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embalm

[em-bahm]
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verb (used with object)
  1. to treat (a dead body) so as to preserve it, as with chemicals, drugs, or balsams.
  2. to preserve from oblivion; keep in memory: his deeds embalmed in the hearts of his disciples.
  3. to cause to remain unchanged; prevent the development of.
  4. to impart a balmy fragrance to.
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Origin of embalm

1300–50; Middle English embalmen, embaumen < Old French emba(u)smer, equivalent to em- em-1 + -ba(u)smer, verbal derivative of ba(u)sme balm
Related formsem·balm·er, nounem·balm·ment, nounun·em·balmed, adjective
Dictionary.com Unabridged Based on the Random House Unabridged Dictionary, © Random House, Inc. 2018

Examples from the Web for embalmed

Contemporary Examples

Historical Examples

  • Therefore as soon as a man had died, his corpse was embalmed.

    Ancient Man

    Hendrik Willem van Loon

  • It is embalmed and kept sweet by the myrrh and cassia of many tears.

    De Profundis

    Oscar Wilde

  • Such a cat should have been embalmed for the benefit of posterity.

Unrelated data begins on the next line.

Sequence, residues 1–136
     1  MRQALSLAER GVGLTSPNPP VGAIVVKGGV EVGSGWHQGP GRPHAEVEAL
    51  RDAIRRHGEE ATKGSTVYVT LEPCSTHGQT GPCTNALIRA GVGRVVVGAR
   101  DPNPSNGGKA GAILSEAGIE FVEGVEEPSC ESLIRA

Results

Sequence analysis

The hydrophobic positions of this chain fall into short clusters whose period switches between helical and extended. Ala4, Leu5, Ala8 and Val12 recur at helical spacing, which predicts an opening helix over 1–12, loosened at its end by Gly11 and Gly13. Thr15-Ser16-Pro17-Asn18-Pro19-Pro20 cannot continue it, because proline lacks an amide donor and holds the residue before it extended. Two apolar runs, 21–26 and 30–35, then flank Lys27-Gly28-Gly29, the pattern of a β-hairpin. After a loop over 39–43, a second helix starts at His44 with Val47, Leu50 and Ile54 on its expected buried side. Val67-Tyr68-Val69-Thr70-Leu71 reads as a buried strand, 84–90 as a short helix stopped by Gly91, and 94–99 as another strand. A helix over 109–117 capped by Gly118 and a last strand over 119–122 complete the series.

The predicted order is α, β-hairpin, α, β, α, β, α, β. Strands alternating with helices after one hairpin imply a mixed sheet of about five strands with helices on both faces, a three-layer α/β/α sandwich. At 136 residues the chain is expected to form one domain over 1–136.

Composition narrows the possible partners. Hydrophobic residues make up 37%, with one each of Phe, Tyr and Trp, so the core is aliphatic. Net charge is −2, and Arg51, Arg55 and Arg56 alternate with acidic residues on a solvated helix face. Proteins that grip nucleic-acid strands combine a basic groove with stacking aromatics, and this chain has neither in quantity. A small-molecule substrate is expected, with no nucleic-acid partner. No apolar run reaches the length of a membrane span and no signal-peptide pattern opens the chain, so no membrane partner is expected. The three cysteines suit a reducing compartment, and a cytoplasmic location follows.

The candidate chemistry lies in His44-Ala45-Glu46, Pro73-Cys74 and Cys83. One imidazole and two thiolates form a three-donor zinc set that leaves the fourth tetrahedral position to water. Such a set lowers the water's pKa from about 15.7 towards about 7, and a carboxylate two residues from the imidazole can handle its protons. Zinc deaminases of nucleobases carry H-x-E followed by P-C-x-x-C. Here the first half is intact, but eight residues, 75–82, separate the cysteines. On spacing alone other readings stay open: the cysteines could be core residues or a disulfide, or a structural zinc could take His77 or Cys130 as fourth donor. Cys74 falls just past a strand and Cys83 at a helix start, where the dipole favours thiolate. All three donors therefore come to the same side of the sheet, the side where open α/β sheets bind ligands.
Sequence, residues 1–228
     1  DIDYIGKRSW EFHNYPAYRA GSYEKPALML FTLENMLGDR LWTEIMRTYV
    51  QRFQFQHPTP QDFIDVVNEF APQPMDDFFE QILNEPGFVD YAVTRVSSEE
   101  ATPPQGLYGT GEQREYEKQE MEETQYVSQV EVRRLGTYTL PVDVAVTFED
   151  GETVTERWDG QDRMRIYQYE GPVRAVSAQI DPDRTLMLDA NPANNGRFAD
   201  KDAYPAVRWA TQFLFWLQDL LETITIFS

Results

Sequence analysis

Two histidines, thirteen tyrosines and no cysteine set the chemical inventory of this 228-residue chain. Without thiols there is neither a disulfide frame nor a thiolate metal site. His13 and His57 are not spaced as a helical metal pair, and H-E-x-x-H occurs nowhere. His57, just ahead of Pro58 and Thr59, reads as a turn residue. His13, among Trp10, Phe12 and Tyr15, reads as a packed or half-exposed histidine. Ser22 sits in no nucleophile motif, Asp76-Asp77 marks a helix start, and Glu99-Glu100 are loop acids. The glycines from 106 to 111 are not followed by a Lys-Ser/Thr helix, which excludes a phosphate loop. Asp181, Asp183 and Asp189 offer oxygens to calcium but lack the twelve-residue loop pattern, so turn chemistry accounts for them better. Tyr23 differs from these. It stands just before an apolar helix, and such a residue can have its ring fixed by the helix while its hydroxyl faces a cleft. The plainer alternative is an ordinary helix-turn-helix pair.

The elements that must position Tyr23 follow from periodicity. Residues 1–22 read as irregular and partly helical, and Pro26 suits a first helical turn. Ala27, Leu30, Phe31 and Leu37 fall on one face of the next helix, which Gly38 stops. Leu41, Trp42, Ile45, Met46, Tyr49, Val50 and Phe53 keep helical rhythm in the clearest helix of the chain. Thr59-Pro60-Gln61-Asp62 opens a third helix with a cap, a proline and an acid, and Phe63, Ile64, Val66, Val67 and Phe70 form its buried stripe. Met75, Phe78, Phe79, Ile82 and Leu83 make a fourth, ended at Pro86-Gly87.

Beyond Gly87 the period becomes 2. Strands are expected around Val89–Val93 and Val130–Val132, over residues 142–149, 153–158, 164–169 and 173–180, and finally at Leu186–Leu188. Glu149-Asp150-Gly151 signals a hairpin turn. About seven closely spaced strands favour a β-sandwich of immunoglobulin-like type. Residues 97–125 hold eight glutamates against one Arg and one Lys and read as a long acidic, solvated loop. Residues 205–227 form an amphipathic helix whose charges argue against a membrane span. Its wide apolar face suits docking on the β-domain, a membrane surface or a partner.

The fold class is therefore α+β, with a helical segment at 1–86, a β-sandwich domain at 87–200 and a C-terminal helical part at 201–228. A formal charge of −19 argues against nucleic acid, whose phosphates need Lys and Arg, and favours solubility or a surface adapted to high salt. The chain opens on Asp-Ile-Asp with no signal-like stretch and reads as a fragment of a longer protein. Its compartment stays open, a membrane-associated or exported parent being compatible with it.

• It had so much the same look that it seemed to have been embalmed.

    In a Little Town

    Rupert Hughes

  • It was not a foot of metal, but in sooth a foot of flesh, an embalmed foot, a mummy's foot.

    The Mummy's Foot

    Thophile Gautier


British Dictionary definitions for embalmed

embalm

verb (tr)
  1. to treat (a dead body) with preservatives, as by injecting formaldehyde into the blood vessels, to retard putrefaction
  2. to preserve or cherish the memory of
  3. poetic to give a sweet fragrance to
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Derived Formsembalmer, nounembalmment, noun

Word Origin

C13: from Old French embaumer; see balm
Collins English Dictionary - Complete & Unabridged 2012 Digital Edition © William Collins Sons & Co. Ltd. 1979, 1986 © HarperCollins Publishers 1998, 2000, 2003, 2005, 2006, 2007, 2009, 2012

Word Origin and History for embalmed

embalm

v.

mid-14c., from Middle French embaumer "preserve (a corpse) with spices," from en- "in" (see en- (1)) + baume "balm" (see balm) + -er verbal suffix. The -l- inserted in English 1500s in imitation of Latin. Related: Embalmed; embalming.

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Online Etymology Dictionary, © 2010 Douglas Harper

embalmed in Medicine

embalm

(ĕm-bäm)
v.
  1. To treat a corpse with preservatives in order to prevent decay.
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The American Heritage® Stedman's Medical Dictionary Copyright © 2002, 2001, 1995 by Houghton Mifflin Company. Published by Houghton Mifflin Company.